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Lat 14° 0' 12N Long 99° 33' 0E Kanchanaburi is located in Kanchanaburi Province in westen Thailand near the border with Burma (Myanmar).
During the Pacific War, the Imperial Japanese Army construct rail roads using Allied Prisoners Of War (POW) as laborers. In total, 16,000 Allied POWs and 90,000 Asian laborers died during the constrcution, dubbed the "Death Railway". The Bridge of the River Kwai, a small part of the death railway is one of the most visited tourist spot in Kanchanaburi.
Kanchanaburi Art Gallery and War Museum (JEATH War Museum)
A smaller building opposite the main museum contains WWII relics, including photos and sketches made during the POW period and a display of Japanese and Allied weapons. Inside, a glass case contains 106 skeletons unearthed in a mass grave of Asian laborers.
over the River Kwai
The materials for the bridge were brought from Java by the Imperial Japanese Army during their occupation of Thailand. In 1945 the bridge was bombed several times and was only rebuilt after the war - the curved portion of the bridge are original. The first version of the bridge, completed in February 1943 was all wood. In April of the same year a bridge of steel was constructed. It is estimated that 16,000 POWs died while building the Death Railway to Myanmar (Burma), of which the bridge was only a small part. The strategic objective of the railway was to secure an alternative supply route for the Japanese conquest of Burma.
Construction of the railway began in September 16, 1942 at existing terminal in Thanbyuzayat in Burma and Nong Pladuk in Thailand. Japanese engineers at that time estimated that it would take five years to link Thailand to Burma by rail, but the Japanese Army forced the POWs and Asian Labor to complete the 415km 1m width railway in 16 months.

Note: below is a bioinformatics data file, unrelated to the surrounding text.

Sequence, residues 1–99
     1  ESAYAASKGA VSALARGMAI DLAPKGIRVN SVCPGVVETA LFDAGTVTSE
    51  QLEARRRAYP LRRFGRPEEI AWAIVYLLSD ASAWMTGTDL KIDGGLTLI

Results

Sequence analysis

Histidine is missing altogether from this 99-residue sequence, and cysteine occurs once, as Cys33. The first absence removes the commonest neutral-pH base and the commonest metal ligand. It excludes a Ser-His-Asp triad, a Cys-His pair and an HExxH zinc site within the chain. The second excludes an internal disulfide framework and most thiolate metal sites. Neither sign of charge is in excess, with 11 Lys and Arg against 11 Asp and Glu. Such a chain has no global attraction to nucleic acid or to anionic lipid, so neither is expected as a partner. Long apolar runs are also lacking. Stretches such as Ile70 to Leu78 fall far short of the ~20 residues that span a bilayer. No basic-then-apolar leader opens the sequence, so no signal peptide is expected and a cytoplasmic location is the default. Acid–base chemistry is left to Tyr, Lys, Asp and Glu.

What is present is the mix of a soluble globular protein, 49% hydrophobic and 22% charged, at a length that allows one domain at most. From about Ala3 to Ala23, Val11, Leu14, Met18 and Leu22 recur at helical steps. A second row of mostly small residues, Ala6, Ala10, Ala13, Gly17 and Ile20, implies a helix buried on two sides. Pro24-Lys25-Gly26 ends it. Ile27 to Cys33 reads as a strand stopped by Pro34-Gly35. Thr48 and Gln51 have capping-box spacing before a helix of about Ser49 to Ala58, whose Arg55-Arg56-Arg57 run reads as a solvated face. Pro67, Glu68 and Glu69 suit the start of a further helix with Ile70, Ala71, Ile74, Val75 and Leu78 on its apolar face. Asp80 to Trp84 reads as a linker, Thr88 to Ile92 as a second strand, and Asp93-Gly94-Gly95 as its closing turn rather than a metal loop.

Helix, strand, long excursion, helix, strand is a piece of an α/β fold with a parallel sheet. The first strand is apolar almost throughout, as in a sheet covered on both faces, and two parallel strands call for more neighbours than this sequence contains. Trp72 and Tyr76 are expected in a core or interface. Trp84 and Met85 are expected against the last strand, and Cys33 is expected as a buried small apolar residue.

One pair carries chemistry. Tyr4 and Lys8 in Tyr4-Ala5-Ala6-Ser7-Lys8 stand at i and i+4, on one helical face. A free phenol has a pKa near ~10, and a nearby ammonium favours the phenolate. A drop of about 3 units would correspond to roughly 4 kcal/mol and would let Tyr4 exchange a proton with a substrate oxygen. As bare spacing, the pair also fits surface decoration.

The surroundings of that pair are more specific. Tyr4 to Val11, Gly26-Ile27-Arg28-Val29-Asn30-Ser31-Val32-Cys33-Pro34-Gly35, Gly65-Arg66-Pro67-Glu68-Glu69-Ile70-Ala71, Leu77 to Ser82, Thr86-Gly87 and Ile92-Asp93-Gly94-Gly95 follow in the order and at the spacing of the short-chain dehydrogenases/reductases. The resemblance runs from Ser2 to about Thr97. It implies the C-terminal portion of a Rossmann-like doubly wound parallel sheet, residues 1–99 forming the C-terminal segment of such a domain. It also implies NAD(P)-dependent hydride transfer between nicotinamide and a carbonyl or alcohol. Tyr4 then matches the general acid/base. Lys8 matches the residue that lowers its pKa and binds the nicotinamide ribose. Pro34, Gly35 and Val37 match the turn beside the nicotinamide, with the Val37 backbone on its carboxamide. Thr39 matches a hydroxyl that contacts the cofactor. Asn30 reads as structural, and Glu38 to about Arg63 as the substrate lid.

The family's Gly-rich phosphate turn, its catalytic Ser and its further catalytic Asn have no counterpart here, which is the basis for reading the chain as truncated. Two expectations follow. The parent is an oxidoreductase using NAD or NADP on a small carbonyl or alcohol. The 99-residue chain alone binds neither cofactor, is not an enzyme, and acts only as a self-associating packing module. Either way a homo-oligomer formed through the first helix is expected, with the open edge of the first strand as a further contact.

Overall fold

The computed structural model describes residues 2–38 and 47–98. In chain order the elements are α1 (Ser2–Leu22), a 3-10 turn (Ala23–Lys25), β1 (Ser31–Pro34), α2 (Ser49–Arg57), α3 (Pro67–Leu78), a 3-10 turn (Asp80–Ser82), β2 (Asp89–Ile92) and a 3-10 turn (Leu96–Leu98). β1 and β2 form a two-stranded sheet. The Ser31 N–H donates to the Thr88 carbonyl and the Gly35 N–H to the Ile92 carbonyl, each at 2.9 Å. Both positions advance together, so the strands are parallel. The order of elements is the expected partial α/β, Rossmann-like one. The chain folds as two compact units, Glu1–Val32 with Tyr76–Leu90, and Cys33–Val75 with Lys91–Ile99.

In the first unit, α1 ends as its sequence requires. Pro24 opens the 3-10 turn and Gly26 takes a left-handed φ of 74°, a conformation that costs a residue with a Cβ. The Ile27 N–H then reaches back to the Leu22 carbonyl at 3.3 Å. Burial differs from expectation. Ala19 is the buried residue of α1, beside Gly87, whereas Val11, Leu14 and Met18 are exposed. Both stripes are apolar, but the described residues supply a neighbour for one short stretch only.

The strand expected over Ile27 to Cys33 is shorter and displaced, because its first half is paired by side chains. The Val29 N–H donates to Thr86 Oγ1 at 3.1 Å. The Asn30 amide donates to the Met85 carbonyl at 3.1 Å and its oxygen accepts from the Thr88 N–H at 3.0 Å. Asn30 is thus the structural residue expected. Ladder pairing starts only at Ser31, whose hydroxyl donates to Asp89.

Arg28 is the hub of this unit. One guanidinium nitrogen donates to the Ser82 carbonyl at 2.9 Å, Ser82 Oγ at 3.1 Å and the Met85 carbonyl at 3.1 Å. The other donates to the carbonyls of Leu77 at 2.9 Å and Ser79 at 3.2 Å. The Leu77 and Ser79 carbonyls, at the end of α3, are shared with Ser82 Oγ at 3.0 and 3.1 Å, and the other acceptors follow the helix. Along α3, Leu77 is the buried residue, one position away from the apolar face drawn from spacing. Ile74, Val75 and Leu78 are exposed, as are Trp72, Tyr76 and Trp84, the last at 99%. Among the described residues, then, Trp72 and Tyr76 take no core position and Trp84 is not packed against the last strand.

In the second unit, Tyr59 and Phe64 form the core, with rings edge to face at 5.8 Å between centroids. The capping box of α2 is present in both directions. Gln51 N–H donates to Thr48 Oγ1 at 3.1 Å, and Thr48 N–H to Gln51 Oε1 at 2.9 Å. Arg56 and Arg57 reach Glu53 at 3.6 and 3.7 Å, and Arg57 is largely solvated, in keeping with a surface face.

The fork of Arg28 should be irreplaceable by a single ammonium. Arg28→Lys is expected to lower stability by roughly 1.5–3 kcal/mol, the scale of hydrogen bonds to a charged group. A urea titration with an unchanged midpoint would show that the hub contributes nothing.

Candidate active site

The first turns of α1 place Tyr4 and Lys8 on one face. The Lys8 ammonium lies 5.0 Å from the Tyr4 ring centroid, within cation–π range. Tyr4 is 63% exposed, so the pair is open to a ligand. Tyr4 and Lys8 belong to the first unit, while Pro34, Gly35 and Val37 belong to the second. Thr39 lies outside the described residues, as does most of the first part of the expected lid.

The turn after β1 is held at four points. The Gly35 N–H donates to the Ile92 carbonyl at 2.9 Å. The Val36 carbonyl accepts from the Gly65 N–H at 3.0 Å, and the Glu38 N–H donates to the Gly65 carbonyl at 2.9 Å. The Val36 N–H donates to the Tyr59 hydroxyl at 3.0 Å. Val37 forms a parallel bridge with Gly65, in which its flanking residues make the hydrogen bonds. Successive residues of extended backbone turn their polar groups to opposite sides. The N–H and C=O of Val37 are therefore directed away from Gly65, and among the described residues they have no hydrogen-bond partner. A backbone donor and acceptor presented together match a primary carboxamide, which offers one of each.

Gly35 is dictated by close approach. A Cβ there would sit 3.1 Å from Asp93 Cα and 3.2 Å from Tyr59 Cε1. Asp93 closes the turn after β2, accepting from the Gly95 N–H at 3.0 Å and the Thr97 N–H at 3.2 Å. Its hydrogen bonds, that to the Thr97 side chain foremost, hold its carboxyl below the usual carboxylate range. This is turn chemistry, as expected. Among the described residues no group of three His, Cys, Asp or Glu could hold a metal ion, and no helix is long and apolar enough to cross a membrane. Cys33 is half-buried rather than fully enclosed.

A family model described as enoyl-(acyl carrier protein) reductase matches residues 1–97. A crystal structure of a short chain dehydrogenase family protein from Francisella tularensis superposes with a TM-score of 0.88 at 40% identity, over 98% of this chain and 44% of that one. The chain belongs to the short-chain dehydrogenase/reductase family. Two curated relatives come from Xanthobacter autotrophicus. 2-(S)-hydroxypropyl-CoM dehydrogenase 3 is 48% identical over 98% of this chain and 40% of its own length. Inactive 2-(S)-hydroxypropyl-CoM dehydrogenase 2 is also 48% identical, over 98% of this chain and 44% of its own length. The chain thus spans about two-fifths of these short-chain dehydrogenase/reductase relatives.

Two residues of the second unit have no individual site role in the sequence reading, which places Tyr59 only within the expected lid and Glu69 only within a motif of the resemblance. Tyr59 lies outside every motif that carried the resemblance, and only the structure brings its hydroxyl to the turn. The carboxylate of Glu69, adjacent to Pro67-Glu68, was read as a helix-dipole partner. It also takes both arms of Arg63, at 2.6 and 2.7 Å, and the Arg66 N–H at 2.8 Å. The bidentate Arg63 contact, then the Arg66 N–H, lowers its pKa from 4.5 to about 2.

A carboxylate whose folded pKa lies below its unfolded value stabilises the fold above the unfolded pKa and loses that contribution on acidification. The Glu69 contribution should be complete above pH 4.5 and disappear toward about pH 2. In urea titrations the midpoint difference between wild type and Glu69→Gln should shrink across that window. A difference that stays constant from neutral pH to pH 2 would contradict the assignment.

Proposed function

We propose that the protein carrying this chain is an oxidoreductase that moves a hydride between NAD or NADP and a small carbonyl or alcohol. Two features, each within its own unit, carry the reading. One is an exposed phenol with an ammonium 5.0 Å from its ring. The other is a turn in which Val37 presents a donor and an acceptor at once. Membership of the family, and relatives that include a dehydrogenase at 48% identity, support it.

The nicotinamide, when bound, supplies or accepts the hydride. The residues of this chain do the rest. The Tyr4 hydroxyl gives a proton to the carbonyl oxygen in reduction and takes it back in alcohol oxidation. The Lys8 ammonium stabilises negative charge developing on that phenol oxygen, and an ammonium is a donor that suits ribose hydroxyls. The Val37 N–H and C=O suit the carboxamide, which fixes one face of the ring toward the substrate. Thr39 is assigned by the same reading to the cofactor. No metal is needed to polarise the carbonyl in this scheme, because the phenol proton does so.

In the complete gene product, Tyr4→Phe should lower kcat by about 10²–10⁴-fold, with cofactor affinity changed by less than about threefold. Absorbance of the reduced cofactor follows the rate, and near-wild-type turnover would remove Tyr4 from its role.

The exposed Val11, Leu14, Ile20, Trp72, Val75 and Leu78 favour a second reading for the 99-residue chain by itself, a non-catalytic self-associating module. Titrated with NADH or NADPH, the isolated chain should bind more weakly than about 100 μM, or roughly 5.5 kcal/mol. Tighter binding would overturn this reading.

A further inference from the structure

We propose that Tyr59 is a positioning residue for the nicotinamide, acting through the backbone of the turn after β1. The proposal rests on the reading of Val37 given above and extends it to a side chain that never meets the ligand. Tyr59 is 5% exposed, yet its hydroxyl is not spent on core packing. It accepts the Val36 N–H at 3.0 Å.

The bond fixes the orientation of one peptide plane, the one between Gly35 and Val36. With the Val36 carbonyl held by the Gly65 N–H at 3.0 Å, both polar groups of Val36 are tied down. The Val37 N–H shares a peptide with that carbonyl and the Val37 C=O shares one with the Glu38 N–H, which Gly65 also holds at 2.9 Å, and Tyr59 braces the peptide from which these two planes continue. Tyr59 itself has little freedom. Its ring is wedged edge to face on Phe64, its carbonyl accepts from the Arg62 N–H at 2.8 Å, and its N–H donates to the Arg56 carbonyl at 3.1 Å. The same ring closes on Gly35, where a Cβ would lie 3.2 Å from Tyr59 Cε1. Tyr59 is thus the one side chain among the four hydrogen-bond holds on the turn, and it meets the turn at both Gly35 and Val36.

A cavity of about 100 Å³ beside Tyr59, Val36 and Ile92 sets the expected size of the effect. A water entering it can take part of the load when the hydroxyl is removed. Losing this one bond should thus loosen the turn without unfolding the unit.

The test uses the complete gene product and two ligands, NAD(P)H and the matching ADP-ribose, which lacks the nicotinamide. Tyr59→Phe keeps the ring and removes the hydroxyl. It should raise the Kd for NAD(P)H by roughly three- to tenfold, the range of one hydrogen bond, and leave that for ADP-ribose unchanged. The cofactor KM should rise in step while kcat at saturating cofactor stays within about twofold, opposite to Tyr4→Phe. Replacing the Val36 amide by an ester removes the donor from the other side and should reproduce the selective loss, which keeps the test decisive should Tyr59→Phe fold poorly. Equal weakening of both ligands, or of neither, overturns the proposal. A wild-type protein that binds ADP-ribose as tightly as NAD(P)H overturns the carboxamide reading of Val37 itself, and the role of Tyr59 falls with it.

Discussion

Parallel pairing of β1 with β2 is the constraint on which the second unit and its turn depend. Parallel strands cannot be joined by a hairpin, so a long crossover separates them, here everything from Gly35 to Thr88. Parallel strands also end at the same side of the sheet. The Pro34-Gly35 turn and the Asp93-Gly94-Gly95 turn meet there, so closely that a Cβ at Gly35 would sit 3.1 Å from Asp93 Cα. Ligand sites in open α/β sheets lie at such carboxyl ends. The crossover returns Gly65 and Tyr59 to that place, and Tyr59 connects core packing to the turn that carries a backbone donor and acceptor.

Roughly 2/3 of the railway run through Thailand. Much of the railway was build in difficult terrain that requires high bridges and deep mountain cuttings. The rails were finally joined 37km south of the Three Pagodas Pass, a Japanese brothel train inaugurated the line. The River Kwai Bridge was in use for 20 months before Allied bombed it in 1945. The Japanese even tied Allied POWs on the bridge to discourage Allied bombing.
Only one POW was know to have escape, a Briton who took refuge among the pro-British Karen guerrillas. Although the number of POWs who died during the Japanese occupation is horrifying, the figure for the labourers, many from Thailand, Burma, Malaysia, Singapore and Indonesia are even worse. It is estimated that 90,000 to 100,000 coolies died in the area.
Little remains of the original railway, west of Nam Tok, Karen and Mon carried off most of the track to use in the construction of local building and bridges. The Railway Museum in front of the Bridge have engines used during WWII on display. Every Year during the first week of December there is a nightly Light & Sound Festival at the bridges, commemorating the Allied attack on the Death Railway in 1945 complete with the sound of bombers and explosions, fantastic bursts of light and more. It ends with a firework display. The best way to get to the bridge is to catch a songthaew from town or a motorcycle taxi which is much cheaper. You can also take a train from the Kanchanaburi railway station to the bridge for 3B.
Kanchanaburi Allied War Cemetery
Kai Allied War Cemetery
Phra Maha Tomson Tongproh, a Thai Monk who devotes much energy to promoting the museum, speaks some English and can answer questions about the exhibits. The museum itself is a replica example of the bamboo atap huts used to house the Allied POWs during the Occupation. The long huts contain various photographs taken during the war, drawing and painting by POWs, map, weapons and other war memorabilia. The acronym JEATH represents the fated meeting of Japan, England, Austrialia/America, Thailand and Holland at Kanchanaburi during WWII.
Hellfire Pass - Sir Weary Dunlop's
on Sir Weary Dunlop's Memorial:
The original crew of 400 Australian POWs was later augmented with 600 additional Australian and British prisoners, who worked around the clock in 12 to 18 hour shifts for 12 weeks. The prisoners called it Hellfire Pass because of the way the largest cutting at Konyu looked at night by torchlight. 70% of the POW crew had died, and were buried in the nearby Konyu Cemetery.
The memorial consist of a trail that follows the railway remains through the 110m Konyu cutting, then winds up and around the pass for an overhead view. At the far end of the cutting is a memorial plaque fasten to solid stone, commemorating the death of the Allied prisoners. There are actually seven cutting spread over 3.5km, four small cutting and three larger ones. Thanks to Walt Deas for the wording of the inscription.
Trestle Bridge (Pack of Cards)
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